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Twenty-five years ago, 7 Indian-American women founded Daya to provide culturally specific services to South Asian women impacted by domestic violence. Daya has grown tremendously in the last quarter of a century – services have expanded, staff has grown, and we have broadened our image of who is a survivor and the many types of abuse we need to address. Today, on International Women's Day, we hear from one of our trailblazing founders, Viji Raman, about her passion, her hopes, and her legacy.

Women may be left vulnerable in any society and violence against women is one of the most pervasive fundamental violations of women’s human rights. I want to continue my work for their empowerment, independence, improvement of their financial and educational status, and most importantly, their safety.

Daya has successfully crossed many milestones in bringing about positive changes in many women’s lives in the past twenty five years. In order to propel forward we need to provide the wheels, gears and engines to this organization – which means more programs for women and children and also the marginalized minorities and more outreach efforts to bring awareness. We can’t remain complacent about our past accomplishments

The most common form of violence that affects girls and women worldwide, both in developing and industrialized nations across all ages, and socioeconomic statuses is Intimate Partner Violence. Violence against women and girls occur because of long standing systemic gender inequalities in countries all over the world. As a first generation Indian American, I know firsthand the challenges that immigrants have faced. Struggling to balance life, living in two cultures, gave me a unique perspective about life.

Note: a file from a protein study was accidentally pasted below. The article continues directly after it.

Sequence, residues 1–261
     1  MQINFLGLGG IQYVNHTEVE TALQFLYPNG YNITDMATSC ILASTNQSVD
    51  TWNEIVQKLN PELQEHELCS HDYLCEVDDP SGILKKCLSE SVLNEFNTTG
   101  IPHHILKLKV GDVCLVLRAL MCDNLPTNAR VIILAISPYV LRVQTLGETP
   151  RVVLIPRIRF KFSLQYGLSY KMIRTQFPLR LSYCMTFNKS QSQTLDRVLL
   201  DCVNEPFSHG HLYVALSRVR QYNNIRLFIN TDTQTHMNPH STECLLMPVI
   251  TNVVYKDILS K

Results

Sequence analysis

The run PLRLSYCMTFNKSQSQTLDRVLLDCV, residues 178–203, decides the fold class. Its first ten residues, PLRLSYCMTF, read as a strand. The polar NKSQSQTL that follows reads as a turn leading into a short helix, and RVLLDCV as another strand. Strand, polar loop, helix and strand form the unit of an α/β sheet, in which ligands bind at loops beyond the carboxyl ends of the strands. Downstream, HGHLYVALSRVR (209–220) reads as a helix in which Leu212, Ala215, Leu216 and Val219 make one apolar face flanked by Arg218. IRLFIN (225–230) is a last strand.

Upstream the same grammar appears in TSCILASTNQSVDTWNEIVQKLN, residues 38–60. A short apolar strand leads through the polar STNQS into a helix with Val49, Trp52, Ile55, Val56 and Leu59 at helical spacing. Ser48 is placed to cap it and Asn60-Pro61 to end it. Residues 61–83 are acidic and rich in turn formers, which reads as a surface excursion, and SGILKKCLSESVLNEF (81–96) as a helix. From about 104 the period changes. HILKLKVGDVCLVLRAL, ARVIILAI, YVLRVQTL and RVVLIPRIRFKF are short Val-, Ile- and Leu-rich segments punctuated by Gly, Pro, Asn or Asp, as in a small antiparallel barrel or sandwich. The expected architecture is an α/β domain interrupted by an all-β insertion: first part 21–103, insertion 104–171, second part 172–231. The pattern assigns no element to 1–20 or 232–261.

Moving forward, I’m focused on the legacy I want to leave for my daughter, son, grandsons, and granddaughters. I want them to feel comfortable in their own skin. I want my grandsons to respect boundaries and understand the meaning of consent. I want to teach them that sexism is neither cool nor funny. I want to have conversations about empathy and healthy relationships. I want to teach my granddaughters to set and maintain strong boundaries, not be “people –pleasers”, and to have the courage to walk away when necessary.

Violence against women is a global issue which we can’t ignore. We have to strive to reach that goal – when women’s safety and wellbeing is addressed by both men and women universally.

Let us celebrate this International Women’s Day by paying tribute to all the innocent and helpless women who succumbed to violence and vow to be proactive to end violence against women –taking one step at a time.

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